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The Great Parenting Debates

When your child wants to quit an activity

“My son quits every activity I take him to!” complained a mother the other night at a PTA meeting where I spoke about Pressured Parents. “What should I do?”
That’s a good question, because at one time or another all of us parents face this dilemma. What do you tell your child who wants to quit soccer? Piano lessons? Cub Scouts?
How hard it can be for parents to figure out how to do the “right thing.” Especially when you've already done one “right thing” -- introduced your child to an activity that she may like or that we see value in.
So let yourself feel your own frustration for a bit. But then you can try to find out why your child wants to quit. Is the activity too hard? Was the coach mean last week? Does your child not like baseball? Or does he simply want to keep playing at home? Sometimes kids will give us a clue to a problem. If, for example, your child feels he’s “not good” at his music or sport, he might be old enough to understand when you explain that by going to practice or a lesson, he’ll become more competent. He’ll start enjoying the activity more as he builds his skills. On the other hand, maybe what your daughter says will tell you that she’s too young to start swimming, and you ought to let her stop, and think about signing her up again when she’s older. If you can get information from her, that will help you figure out what to do.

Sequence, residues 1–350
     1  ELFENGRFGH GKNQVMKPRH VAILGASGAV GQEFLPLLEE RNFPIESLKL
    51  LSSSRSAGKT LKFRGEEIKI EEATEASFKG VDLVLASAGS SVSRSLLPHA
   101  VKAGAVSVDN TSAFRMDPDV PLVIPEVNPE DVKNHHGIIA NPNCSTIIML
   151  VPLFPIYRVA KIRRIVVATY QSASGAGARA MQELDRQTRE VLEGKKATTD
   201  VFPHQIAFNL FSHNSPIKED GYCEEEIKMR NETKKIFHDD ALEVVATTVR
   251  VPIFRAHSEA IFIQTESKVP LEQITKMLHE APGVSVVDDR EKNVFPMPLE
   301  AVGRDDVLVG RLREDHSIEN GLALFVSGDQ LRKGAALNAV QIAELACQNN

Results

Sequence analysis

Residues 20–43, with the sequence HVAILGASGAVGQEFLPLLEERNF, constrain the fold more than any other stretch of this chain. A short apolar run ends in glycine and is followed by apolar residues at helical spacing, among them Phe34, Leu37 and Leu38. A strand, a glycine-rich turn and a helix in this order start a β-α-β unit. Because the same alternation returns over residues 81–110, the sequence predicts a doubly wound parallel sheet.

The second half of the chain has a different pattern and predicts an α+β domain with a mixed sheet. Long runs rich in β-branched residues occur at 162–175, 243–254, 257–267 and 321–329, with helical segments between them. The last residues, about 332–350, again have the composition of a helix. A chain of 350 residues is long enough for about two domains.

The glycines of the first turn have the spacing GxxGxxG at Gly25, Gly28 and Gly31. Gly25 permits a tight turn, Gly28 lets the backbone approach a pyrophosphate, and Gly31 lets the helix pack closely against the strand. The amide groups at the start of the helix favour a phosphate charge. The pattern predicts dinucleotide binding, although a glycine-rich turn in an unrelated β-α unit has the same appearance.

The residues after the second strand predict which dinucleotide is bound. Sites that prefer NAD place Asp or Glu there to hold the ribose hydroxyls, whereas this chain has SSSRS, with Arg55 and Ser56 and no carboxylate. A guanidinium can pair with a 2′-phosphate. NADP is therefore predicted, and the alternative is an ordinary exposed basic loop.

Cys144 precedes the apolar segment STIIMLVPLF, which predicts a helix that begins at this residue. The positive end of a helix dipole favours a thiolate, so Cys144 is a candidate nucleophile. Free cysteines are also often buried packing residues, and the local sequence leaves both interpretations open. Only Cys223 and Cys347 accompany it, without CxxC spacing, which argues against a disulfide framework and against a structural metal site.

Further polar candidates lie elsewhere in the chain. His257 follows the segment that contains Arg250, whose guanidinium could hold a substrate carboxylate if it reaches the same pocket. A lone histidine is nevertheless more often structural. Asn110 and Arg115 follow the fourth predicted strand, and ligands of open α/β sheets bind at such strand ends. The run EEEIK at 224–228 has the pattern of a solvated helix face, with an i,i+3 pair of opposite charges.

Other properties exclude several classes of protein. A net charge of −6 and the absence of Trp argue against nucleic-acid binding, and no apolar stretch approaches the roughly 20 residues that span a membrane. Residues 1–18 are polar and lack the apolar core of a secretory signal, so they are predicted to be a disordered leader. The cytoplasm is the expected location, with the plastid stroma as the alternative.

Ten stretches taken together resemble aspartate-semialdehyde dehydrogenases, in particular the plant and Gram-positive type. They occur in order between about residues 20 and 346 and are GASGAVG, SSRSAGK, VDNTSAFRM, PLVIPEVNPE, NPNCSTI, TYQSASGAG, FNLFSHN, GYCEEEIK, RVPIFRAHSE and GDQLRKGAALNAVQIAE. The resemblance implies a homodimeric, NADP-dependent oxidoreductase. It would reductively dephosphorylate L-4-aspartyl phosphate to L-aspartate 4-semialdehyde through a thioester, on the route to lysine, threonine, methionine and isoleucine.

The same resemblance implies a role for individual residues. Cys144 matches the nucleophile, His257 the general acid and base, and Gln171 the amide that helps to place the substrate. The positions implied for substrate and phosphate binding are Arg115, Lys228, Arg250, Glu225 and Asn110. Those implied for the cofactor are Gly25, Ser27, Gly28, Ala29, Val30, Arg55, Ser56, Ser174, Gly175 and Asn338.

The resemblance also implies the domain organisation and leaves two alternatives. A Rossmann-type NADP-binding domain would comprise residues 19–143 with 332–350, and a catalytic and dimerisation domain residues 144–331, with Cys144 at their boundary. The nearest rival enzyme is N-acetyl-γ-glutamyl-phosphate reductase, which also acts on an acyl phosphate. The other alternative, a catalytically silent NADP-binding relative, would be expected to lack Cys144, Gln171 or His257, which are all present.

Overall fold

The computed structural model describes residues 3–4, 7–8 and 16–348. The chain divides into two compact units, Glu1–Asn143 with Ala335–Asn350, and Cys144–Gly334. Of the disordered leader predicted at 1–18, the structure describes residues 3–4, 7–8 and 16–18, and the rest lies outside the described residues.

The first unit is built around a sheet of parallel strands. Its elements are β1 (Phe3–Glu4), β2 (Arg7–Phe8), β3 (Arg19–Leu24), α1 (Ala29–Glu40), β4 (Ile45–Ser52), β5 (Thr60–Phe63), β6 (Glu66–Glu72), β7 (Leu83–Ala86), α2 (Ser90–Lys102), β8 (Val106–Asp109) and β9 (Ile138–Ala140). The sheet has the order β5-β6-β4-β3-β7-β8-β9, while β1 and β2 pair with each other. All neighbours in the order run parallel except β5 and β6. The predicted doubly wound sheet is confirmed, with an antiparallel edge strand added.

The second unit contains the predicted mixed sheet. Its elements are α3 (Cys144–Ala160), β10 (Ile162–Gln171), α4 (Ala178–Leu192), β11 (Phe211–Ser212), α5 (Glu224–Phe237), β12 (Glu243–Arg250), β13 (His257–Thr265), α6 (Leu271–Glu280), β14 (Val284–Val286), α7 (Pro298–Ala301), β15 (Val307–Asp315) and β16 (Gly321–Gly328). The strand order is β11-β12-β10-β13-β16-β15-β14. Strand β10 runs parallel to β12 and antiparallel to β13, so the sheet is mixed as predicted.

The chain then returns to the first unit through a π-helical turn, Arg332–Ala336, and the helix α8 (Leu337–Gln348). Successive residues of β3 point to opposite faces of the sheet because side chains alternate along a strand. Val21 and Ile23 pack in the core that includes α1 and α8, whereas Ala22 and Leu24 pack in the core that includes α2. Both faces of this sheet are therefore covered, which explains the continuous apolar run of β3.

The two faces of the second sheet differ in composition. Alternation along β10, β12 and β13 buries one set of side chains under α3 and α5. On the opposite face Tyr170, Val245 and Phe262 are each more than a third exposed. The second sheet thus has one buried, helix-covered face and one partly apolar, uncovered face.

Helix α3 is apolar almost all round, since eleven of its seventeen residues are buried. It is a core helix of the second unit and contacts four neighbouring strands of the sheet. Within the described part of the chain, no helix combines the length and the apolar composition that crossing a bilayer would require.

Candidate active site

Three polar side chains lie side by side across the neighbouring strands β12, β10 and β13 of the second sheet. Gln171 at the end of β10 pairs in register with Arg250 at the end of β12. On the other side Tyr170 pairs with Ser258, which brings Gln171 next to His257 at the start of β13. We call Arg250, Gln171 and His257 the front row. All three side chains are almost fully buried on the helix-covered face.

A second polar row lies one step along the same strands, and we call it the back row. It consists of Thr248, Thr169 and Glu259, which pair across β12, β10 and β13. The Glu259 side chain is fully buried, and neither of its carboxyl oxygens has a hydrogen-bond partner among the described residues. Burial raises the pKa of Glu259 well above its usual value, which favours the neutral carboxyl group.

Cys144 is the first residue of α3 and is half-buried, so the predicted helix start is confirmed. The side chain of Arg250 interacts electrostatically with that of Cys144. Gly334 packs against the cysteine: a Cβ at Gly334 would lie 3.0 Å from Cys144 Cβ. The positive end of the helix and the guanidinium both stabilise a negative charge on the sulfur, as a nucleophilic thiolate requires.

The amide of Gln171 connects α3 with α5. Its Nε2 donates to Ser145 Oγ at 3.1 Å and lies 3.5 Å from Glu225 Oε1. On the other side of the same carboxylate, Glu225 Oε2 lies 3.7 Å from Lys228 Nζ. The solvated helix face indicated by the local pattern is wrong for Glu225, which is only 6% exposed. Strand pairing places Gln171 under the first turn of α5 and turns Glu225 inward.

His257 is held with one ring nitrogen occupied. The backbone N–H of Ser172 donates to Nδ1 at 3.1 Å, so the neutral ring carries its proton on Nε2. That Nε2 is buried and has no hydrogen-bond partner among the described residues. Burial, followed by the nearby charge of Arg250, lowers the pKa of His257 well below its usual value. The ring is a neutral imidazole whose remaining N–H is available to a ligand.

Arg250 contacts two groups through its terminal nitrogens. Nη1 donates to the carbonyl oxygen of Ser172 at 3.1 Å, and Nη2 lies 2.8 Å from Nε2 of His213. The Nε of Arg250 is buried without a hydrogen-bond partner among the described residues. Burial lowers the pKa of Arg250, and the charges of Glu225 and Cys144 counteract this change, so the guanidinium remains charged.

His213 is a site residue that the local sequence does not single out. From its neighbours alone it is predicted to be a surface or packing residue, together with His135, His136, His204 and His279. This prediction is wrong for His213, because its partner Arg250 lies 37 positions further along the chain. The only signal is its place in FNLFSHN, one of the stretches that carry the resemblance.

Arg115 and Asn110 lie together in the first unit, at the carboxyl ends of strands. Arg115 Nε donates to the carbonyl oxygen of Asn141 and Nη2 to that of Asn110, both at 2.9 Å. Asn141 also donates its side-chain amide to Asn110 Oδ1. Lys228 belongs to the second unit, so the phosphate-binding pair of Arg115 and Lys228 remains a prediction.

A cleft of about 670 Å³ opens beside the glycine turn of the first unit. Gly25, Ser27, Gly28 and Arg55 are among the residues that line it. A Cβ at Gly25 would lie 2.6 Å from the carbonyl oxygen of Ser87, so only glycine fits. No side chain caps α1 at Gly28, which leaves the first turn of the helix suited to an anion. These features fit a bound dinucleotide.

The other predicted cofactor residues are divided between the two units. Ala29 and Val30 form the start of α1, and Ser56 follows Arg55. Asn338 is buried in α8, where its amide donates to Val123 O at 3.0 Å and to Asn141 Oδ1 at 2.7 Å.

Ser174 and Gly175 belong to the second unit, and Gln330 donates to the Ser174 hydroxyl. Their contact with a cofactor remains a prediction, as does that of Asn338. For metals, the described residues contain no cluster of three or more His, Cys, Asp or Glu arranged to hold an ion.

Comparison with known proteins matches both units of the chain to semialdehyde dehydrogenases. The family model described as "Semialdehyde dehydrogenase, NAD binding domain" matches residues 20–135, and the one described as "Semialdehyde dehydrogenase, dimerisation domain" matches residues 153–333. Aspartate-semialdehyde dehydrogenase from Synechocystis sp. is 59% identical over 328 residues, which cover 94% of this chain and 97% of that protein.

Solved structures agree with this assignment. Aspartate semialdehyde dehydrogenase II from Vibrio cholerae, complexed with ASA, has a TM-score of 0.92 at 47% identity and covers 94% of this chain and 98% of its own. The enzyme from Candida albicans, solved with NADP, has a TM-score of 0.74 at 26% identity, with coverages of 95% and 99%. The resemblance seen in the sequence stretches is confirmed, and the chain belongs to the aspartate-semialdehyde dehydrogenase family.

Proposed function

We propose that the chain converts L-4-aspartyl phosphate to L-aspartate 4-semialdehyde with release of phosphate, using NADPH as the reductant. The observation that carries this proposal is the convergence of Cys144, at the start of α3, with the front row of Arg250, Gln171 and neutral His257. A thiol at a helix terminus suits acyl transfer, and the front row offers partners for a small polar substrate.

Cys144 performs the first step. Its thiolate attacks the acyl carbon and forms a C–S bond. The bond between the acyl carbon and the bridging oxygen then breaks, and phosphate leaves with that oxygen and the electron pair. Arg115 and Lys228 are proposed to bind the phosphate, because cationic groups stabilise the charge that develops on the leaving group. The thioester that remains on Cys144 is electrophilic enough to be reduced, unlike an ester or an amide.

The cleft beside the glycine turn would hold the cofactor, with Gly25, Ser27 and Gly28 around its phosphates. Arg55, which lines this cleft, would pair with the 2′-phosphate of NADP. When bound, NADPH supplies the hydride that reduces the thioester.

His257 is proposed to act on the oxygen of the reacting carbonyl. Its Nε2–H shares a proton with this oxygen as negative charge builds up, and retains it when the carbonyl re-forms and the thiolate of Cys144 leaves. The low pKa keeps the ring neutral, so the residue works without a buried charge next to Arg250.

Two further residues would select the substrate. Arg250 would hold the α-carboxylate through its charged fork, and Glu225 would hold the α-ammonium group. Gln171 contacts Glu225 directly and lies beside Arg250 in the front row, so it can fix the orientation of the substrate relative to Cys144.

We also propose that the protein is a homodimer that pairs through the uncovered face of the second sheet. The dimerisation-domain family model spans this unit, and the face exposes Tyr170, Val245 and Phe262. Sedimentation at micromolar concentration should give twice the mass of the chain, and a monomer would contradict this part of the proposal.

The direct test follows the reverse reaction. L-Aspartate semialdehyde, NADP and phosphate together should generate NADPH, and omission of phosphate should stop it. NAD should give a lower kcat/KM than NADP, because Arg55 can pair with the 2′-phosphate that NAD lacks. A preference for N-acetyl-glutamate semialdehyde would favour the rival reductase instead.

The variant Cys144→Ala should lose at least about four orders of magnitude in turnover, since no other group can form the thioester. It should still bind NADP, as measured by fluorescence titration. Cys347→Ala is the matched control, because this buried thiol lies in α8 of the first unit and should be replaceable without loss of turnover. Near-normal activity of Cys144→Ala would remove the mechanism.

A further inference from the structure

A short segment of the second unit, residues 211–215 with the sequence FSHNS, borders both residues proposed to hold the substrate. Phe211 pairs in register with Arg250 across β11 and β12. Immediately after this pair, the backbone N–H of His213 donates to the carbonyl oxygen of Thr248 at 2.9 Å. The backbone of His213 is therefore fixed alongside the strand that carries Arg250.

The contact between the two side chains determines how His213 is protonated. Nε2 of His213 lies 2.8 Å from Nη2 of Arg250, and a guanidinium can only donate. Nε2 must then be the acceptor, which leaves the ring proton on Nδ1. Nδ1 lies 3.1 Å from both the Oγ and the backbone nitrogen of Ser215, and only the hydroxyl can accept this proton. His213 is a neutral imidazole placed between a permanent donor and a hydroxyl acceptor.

But if your daughter flat-out dislikes ballet, then it’s time to let her quit. Find out what she does like, and let her lead the way to another activity. Maybe she’ll like Girl Scouts better. Finding what that interests her, and helping her develop it is key. That nurtures her autonomy, and her internal motivation, which will serve her well in the long run.
Sometimes kids want to quit because they simply want to feel more in control of their activities. Here’s a very common story: a pre-teen or teenager wants to quit piano or tennis. His parents try to persuade him not to, but then reluctantly agree. A few months or a year later, the child says “I want to start piano again!” The hiatus has allowed him to choose the activity again for himself, to exercise his autonomy.
Then there’s deciding whether to allow your child to miss a practice or lesson. I remember when my son Jeff was about eight and didn’t want to stop playing with his neighborhood friend Larry and go to soccer practice. “Your team wants you to come,” I said. “You don’t want to let them down.” I let Jeff skip a practice or two – and tried to get Larry to sign up for soccer -- but let Jeff know that I thought it was important to be consistent at activities. Eventually he came to love soccer, and played on a club team and then on the high school varsity. So I guess it was okay when I let him miss a few practices when he was eight. Even though back then, I wasn't sure it was the "right" thing to do.
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